Case of the Day: Carson v. Griffin

The case of the day is Carson v. Griffin (N.D. Cal. 2013). Fletcher Carson sued several defendants, including Walsh Griffin, Walsh Capital Group, Ivan Ahmed Azziz, Daniel Okwudili Nwankwo, Cisse Abdoulaye, and Ben Aka, on a variety of claims. I don’t attempt to summarize the claims of the pro se complaint. Griffin and Walsh Capital Group were located in Ireland. The others were in Dubai. Carson attempted to serve each of these defendants via email using RPost’s service. You may remember RPost from the case of the day of February 7, 2012, in which RPost was the plaintiff and used its own email technology to effect service. As in the earlier case, Carson did not know the addresses of the foreign defendants, and so the Hague Service Convention did not apply to his attempts at service in Ireland (the UAE is not a party to the Convention in any case).

Carson first sought leave to serve Azziz by email using an email address that he had previously used in corresponding with Azziz. Apparently he sought leave after sending the email—long-time readers know that I think motions for leave to make service by alternate means should come before you effect the service. In any case, the judge rejected his first attempt on the grounds that Carson had not “explicitly state[d]” that he had previously corresponded with Azziz at that address and on theg rounds that the “receipt authentication document” had a field labeled “opened,” but that field was blank. On his second attempt, Carson explained that he had corresponded with Azziz hundreds of times at the address in question, which satisfied the judge. He also provided some additional details about RPost’s service:

There is a delay after the email is sent and before the receipt authentication is sent back to the sender. If the email is opened within that delay period, the “opened” column will indicate that the email has been opened. Otherwise, the “opened” column will be be blank. The system does not continue to query the recipient to determine whether the email is later opened.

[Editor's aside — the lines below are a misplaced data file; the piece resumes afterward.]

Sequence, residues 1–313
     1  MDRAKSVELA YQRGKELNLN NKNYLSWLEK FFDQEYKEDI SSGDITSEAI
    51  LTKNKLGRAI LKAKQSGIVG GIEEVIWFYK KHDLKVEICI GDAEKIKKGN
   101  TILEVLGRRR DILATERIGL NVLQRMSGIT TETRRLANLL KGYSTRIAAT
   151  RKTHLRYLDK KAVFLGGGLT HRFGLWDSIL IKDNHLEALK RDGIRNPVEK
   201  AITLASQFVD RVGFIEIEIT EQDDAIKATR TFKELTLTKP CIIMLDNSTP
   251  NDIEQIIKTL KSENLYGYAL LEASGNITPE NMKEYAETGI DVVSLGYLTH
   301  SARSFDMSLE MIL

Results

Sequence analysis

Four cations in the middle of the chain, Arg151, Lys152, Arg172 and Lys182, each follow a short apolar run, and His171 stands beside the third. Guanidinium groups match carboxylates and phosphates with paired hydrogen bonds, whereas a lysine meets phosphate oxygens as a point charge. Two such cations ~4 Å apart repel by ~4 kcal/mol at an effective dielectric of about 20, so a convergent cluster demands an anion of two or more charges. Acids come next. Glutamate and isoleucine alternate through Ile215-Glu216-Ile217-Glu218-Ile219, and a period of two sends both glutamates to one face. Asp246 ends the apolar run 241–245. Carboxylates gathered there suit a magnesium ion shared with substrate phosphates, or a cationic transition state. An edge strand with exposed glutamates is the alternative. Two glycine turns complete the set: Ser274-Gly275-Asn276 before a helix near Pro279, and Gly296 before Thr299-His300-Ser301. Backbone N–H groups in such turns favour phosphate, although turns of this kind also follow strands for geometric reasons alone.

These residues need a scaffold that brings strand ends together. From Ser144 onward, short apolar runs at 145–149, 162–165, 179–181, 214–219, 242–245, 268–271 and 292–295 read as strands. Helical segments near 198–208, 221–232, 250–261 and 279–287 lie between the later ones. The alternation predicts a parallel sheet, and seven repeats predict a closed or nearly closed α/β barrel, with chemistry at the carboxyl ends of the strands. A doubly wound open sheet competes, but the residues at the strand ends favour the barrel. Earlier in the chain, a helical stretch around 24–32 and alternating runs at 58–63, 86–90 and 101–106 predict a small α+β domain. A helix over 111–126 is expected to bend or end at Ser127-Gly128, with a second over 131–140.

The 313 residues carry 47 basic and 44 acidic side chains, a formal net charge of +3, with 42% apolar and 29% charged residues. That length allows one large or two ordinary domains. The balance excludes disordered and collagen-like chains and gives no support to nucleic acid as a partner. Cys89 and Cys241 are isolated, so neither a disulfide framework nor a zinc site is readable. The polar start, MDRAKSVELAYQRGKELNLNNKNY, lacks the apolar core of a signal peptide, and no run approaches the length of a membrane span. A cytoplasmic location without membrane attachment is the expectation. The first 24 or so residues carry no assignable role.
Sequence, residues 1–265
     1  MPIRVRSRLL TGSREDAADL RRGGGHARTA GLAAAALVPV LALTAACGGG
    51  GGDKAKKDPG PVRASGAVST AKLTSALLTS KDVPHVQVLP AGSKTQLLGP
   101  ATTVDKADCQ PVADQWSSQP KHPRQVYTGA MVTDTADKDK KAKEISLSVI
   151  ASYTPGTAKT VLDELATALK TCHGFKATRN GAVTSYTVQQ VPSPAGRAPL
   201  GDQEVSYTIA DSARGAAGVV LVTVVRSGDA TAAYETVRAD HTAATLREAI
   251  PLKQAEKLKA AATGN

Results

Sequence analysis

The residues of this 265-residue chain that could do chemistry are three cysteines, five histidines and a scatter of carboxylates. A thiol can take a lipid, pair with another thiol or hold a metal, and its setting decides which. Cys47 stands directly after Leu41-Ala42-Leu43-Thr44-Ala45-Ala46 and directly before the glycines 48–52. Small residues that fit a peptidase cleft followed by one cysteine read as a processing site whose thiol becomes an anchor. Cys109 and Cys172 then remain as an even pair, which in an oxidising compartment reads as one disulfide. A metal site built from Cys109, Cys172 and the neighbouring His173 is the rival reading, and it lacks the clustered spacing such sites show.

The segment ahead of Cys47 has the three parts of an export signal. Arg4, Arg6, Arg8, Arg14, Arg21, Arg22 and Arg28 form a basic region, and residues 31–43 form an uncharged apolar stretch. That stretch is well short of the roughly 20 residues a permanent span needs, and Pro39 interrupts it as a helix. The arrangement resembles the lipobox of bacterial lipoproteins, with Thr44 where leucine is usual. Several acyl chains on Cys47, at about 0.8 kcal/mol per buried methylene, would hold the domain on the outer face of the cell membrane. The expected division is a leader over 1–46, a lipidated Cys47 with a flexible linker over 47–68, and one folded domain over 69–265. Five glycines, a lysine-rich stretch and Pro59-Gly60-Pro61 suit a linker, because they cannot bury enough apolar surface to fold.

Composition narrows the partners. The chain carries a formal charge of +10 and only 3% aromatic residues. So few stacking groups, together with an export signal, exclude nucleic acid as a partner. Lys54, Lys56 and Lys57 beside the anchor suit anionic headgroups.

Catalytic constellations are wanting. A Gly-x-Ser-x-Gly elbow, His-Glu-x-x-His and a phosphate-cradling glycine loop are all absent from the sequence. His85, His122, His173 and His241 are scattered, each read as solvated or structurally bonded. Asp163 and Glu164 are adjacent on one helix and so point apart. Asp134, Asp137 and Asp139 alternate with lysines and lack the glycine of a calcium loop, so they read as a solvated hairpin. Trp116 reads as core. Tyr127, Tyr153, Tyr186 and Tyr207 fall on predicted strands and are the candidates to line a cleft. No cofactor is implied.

The judge was satisfied with this explanation, too, though I’m not sure why. It obviously was important to the judge to know whether the email had been opened (it’s not obvious that the judge’s concern was well-founded, since there’s a case to be made that what should matter is receipt of the email, not whether the defendant actually opens the email). But Carson’s explanation doesn’t show that the email ever was opened. In any event, the judge deemed that Azziz had been served.

The judge rejected Carson’s attempts at service on Nwankwo, Abdoulaye, and Aka, whom he attempted to serve at Azziz’s email address, on the grounds that he had not shown that he had ever communicated with them at that address and it was unclear that they would receive notice of the proceedings.

Finally, the judge granted Carson’s motion with respect to service on Griffin and Walsh Capital. Carson explained that he had corresponded with Griffin many times using the relevant email address, and that the address he used for Walsh Capital was listed on the firm’s website. Interestingly, the judge did not seem concerned about whether Griffin or Walsh Capital had actually opened the emails, noting that “it is reasonable to assume that a business checks, or ought to check, an email address that is listed on its website.”

About Ted Folkman

Ted Folkman is a shareholder with Murphy & King, a Boston law firm, where he has a complex business litigation practice. He is the author of International Judicial Assistance (MCLE 2d ed. 2016), a nuts-and-bolts guide to international judicial assistance issues, and of the chapter on service of process in the ABA's forthcoming treatise on International Aspects of US Litigation, and he is the publisher of Letters Blogatory, the Web's first blog devoted to international judicial assistance, which the ABA recognized as one of the best 100 legal blogs in 2012, 2014, and 2015.

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